The slides that I used during the presentation can be found here:
Some of the points that I covered were:
1. The world is constantly evolving
The world is changing. We still do the same things but technology allows us to do thing in different ways. This is true in work play and education.
The two examples I used to illustrate this were:
i) Alice in Wonderland the book, Alice in wonderland available on the Nintendo DS and Alice in Wonderland for the Apple iPad.
The text is the same in all three versions so it still promotes literacy and reading but the delivery mechanism is different. Some will say the ‘text’ is more engaging on the iPad, some will say there is nothing like flicking through the pages of a paper novel and I would say it doesn’t make any difference at all it’s the same thing and we should allow choose how they want to engage with the ‘text’ if they want to engage with it at all.
ii) Scrabble the board game, scrabble for the Nintendo DS and Seek and Spell for the iPhone.
In all three versions of the above word game the principles are the same. Collect or be given letter to spell words to score points. The task is the same but technology may (or may not add value).
This led into the main theme of the presentation which was change.
2. Changing Young People
We looked at the Platform 4 Research from Chanel 4 which suggested that in the group of 12 – 24 year olds surveyed:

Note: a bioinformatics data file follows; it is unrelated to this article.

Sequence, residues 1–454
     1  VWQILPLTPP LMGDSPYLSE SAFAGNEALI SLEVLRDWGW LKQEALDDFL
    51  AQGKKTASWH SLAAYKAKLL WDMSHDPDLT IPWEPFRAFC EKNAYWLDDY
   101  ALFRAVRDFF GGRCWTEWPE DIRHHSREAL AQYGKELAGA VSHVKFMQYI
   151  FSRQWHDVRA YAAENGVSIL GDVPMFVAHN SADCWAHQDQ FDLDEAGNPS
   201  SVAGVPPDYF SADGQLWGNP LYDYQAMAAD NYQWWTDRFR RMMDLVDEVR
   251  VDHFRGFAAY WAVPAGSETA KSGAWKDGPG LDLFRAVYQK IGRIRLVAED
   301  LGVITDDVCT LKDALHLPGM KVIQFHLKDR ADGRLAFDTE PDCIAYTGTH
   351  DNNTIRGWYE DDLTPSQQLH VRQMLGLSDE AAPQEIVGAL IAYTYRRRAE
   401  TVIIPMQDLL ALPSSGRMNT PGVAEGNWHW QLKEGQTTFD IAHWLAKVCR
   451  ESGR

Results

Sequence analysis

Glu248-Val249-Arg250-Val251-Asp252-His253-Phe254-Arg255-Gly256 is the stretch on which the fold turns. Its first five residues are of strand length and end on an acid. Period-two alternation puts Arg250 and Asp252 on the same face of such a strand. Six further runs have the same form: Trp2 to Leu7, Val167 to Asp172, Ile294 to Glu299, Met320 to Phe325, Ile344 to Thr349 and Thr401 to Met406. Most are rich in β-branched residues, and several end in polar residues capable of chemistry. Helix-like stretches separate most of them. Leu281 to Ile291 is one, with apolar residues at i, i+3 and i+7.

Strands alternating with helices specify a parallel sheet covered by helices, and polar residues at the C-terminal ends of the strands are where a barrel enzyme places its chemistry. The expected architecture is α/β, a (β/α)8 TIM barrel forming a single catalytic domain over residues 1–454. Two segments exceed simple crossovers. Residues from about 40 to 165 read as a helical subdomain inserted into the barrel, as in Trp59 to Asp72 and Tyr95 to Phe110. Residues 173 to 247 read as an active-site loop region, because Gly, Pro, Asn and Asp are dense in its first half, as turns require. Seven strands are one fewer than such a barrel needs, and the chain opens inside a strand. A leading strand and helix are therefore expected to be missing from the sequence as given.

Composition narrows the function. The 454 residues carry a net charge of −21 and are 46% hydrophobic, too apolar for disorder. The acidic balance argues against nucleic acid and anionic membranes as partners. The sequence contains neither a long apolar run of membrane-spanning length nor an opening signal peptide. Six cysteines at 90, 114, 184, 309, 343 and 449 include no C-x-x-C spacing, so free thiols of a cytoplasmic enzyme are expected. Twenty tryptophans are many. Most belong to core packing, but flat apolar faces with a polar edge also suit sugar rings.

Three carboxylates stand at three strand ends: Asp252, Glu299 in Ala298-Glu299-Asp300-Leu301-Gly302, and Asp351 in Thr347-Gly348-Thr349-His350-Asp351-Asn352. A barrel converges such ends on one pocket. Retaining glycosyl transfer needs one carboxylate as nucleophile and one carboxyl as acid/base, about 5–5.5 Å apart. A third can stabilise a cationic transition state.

- They personally own 8 devices (including MP3 player, PC, TV, DVD player, mobile phone, stereo, games console, and digital camera)
- They frequently conduct over 5 activities whilst watching TV
- 25% of them agree that “I’d rather stay at home than go on a holiday with no internet or phone access”
- A quarter of young people interviewed text or IM (instant message) friends they are physically with at the time
- They have on average 123 friends on their social network spaces
- And the first thing the majority of them do when they get home is turn on their PC
We also looked at some Ofcom research which suggests that:
- 84% of children ages between 5 – 15 live in a household with intent access.
- 35% of 11 – 16 year olds have internet access in their bedroom (75% have a games console in their bedroom)
- 66% of 12-15 year olds have a social networking site (19% of 8 – 11 year olds)